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    Having lived, voted, marched, and mourned Harvey Milk and Mayor Mascone in 1978 I'd like to think that being "out" and "about" would be much easier for teens and young adults today. But I doubt it. There's always some clueless redneck or general bigot raised by the same who ends up gay bashing -- and leaving kids like Shepherd -- to hang on a barb wire fence and die. And the Anita Bryants, et al, of my era are replaced by Dr. Laura's and mormons in Ewetaw with enough money they can donate to causes like passing Proposition 8, even though they don' live in California.

    As the poster noted from Santa Cruz, he feels secure. But I'd hasten to warn him not to turn his back. When is the last time he walked hand in hand with his significant other or openly kissed the same in public?

    Nope, I'd say things are more out in the open, but just as intolerant (in the USA at least) as usual. The police in large cities no longer bust gay bars for the enjoyment of bashing gays like they used to. Trust me. They would if they could.
     
  12. Rowan Ravenseed

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    I don't know what things are like in the states as i don't live there but here in Australia we still have a long way to go...... just recently our government support has made changes to accept same sex couples as defacto according to the law thinking that this was a large step in gay right lol but from what ive seen it only means that now same sex couples can be penalised in the same way as oppisite sex couples regarding thier government entitlements.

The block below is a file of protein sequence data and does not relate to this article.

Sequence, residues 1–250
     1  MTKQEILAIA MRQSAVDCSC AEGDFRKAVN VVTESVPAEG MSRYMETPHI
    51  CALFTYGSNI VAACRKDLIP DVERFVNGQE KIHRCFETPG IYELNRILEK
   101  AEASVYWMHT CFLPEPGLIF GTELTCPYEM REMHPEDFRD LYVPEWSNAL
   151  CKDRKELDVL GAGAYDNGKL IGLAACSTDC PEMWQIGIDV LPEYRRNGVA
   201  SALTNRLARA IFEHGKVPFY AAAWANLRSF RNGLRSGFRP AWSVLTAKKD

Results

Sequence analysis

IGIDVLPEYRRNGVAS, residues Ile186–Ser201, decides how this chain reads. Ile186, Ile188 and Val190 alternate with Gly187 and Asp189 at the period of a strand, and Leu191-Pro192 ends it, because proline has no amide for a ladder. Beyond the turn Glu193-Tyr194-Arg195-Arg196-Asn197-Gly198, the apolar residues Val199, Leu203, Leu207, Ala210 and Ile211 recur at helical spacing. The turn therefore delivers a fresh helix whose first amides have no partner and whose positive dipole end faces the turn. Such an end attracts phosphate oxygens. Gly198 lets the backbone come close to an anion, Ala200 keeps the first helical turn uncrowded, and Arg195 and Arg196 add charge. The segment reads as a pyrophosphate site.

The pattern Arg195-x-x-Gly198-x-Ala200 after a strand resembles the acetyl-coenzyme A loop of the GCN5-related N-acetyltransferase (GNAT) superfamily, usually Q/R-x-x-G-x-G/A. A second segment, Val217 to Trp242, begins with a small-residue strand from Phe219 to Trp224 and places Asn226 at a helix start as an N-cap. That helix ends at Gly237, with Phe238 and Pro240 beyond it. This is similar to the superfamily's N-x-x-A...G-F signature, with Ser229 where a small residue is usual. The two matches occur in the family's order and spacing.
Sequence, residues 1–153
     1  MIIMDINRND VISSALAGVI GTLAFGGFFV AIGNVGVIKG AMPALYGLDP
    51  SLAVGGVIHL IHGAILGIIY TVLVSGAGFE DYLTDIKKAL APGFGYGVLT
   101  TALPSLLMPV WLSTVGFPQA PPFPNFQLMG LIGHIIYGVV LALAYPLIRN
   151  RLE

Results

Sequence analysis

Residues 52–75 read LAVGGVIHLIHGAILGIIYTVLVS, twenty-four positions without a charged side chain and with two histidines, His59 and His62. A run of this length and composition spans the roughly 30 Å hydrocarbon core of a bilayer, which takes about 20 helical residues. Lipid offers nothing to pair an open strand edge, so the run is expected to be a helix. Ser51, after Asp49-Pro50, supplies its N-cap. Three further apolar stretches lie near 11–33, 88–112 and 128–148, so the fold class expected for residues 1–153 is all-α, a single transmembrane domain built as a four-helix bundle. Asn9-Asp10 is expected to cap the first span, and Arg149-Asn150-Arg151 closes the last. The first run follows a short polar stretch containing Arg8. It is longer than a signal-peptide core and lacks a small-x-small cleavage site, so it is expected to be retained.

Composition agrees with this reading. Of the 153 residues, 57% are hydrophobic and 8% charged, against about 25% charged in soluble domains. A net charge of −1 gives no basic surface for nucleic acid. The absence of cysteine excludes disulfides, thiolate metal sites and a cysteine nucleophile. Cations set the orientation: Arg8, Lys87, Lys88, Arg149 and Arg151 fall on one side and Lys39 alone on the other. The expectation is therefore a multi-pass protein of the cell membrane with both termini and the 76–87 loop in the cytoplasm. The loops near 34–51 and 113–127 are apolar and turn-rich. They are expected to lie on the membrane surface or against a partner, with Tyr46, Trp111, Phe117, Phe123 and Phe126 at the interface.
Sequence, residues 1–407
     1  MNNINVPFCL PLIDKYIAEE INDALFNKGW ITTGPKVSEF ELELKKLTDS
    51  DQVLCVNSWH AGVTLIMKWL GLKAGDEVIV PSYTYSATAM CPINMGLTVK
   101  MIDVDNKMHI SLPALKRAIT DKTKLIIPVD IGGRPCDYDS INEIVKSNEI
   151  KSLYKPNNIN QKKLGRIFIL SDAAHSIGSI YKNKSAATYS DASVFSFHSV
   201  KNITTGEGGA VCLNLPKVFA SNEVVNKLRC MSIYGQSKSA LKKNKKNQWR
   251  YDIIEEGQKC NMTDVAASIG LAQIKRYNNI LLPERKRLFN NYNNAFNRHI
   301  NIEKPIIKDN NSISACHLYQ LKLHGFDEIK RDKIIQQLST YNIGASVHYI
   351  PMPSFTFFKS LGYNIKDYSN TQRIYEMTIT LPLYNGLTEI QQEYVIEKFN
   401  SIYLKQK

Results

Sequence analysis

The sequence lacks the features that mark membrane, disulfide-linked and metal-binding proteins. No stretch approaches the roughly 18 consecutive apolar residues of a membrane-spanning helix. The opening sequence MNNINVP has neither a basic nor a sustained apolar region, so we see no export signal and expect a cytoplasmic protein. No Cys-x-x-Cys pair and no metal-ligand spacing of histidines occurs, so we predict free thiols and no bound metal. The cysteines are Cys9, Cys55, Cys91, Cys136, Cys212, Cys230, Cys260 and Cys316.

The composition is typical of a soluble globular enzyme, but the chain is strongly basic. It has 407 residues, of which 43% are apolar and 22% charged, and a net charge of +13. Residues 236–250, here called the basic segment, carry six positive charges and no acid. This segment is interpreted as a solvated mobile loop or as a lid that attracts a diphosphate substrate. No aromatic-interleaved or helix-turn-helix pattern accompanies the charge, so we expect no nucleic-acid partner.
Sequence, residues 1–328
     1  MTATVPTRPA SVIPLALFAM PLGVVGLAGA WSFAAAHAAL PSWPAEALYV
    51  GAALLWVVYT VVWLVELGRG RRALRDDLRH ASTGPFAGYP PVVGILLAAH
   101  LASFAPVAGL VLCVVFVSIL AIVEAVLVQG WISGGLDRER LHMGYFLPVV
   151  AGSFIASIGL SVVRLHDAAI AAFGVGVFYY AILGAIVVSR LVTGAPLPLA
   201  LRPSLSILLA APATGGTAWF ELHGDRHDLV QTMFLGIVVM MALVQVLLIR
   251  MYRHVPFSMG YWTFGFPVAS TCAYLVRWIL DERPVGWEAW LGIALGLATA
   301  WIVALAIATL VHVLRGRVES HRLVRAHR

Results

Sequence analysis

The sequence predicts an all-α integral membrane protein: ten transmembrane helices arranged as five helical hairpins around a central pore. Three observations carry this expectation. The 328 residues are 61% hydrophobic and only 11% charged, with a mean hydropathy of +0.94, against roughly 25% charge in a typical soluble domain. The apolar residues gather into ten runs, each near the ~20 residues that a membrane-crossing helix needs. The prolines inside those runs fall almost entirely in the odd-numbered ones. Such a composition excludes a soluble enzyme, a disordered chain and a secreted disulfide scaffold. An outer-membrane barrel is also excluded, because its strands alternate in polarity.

People think that becuase there are more openly gay men and women it means gay right must be moving forward..... verry few people actually stop to think what equal rights means.....

    Equal right for gay people means that we should have the right to walk hand in hand with our partner without fear of being hurt or accused of rubbing our sexuality in peoples faces..... The way heterosexual couples do

    Equal right means that we should share the same rights on our long term partners will, or the same priviledges a same sex defacto couple would share

    Equal rights mean we should be able to talk about our sexual partners and prowess the same way heterosexual men seem to feel the need to without being critiscised

    Equal rights mean we should share the right to openly speak about our familys and our children without being condomed to hell or told that our sexuality might badly influence our children

    Equal rights mean that everything a hetersexual person takes for granted about thier life.... we shouldnt have to fight for it should be gratas
     
  13. B_Enough_for_Me

    B_Enough_for_Me New Member

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    Just FYI, you are talking about equality, not equal rights. The things you described are not rights, they are social norms. Society is "stopping" you, not the government. Holding hands isn't in any Constitution anywhere.
     
  14. B_Enough_for_Me

    B_Enough_for_Me New Member

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    I like how the gay community latched on to Shepard. Whether or not it was a hate crime is, and always will be, in dispute. Of course, one of the killers, McKinney, was bisexual and both the killers denied killing him because he was gay. But, hey, whatever. Truth is always subjected to public demands.

    Side note: my brothers went to school with Shepard.